Everyone has had that moment where they ask themselves the most awful question: Have I become desperate? Odds are that, no, you haven’t become an overall desperate person even though you may be having a pretty desperate phase. Usually it’s someone emotionally or physically unavailable that unleashes desperation in you. While that may be annoying but ultimately acceptable for most people, a handful of you may be unable to bear the feelings, which then causes you to push harder to get that person. Getting yourself into a position where you feel desperate isn’t a reason to feel ashamed, but it is cause for you to look in the mirror and ask how you lost your composure. If you’re stuck in a desperate cycle now with someone, check out the following behaviors and realize that any of these will only dig you deeper into this rut.
You offer your number easily to someone and then make them confirm that they have stored it in their phone.
This one is understandable, but ugly! We’ve all been there before, in that position where you like someone so much but you aren’t getting confirmation that it’s reciprocated. Instead of getting control of yourself, you work too hard to get a sign from that person that he or she will call.
Confidence booster: Nothing else you can say or do that night will ensure that he or she will definitely call you. That person either will or won’t call, and only time will tell. Pushing too hard to get them to call is desperate, plain and simple. Walk away and tell yourself that you two will connect again if the timing is right and there’s mutual interest. Walking away makes you feel empowered, as you don’t need to convince anyone to like you. They should know a diamond when they see it!
You can’t stop wondering or asking friends whether he or she is interested in you.
When you meet someone you’re interested in, it’s perfectly normal to wonder whether that new person is interested in you, too. However, getting anxious about whether they like you is a sign that you may feel too fixated on that one person or that you may have become a tad desperate in your search for someone.
Confidence booster: Having friends is terrific, but boring them to tears with your obsessive insecurities isn’t fair of you or fun for them. Tell yourself that anyone worth having is going to want you too, and press “delete” in your life when someone you meet doesn’t seize the chance to be with you.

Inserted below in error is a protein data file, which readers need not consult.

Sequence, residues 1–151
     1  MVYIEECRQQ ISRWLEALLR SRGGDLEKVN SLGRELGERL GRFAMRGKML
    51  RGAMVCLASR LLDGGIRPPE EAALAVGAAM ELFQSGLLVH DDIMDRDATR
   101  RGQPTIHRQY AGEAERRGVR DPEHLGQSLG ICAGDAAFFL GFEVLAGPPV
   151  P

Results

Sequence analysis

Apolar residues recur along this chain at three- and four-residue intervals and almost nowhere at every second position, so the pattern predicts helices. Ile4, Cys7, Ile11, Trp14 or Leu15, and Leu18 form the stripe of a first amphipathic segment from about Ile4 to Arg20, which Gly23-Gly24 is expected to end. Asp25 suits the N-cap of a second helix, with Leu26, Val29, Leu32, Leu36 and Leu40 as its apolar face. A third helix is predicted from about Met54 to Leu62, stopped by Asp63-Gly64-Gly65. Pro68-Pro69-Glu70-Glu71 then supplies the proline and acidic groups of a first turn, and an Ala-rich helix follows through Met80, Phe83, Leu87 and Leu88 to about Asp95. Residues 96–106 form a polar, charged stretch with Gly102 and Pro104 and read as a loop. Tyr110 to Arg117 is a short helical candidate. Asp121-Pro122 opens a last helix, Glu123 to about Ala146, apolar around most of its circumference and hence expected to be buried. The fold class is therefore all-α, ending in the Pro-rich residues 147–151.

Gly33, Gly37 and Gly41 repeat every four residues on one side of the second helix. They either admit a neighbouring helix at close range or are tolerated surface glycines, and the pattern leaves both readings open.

You compare yourself to friends who are coupled up and ask yourself why they all have romantic partners and you don’t.
Social comparison is a bad idea when it comes to dating because everyone is so different, having different personalities and needs. Research shows that it’s only good for you to compare yourselves to others if you are comparing yourself to those who are less fortunate than you. However, single men and women often end up comparing themselves to others who have relationships and who are more attractive or successful, and this comparison inevitably leads to the same lone place: feeling worse.
Confidence booster: When you meet someone you truly connect with, that person will be drawn to your idiosyncrocies and quirks, so remember that you bring your own unique qualities to the table. If it helps, make a list of qualities that you like about yourself, and looking at what you’ve written will remind you how unique you are. When you feel sad or lonely, pulling out that list and rereading it will make you feel better.
The good news about feeling desperate is that no feeling lasts forever. If you feel like you’ve gotten stuck in a rut where you’re questioning your worth or feeling bad about yourself, the best way to get unstuck is to get organized and get control of yourself. Set out on a healthy phase where you watch what you eat and exercise, and practice more physical grooming and self-care. The better care you take of yourself, the better you will feel about yourself!
About the Author:
Dr. Seth is a licensed clinical psychologist, author, Psychology Today blogger, and TV guest expert. He practices in Los Angeles and treats a wide range of issues and disorders and specializes in relationships, parenting, and addiction. He has had extensive training in conducting couples therapy and is the author of Dr. Seth’s Love Prescription: Overcome Relationship Repetition Syndrome and Find the Love You Deserve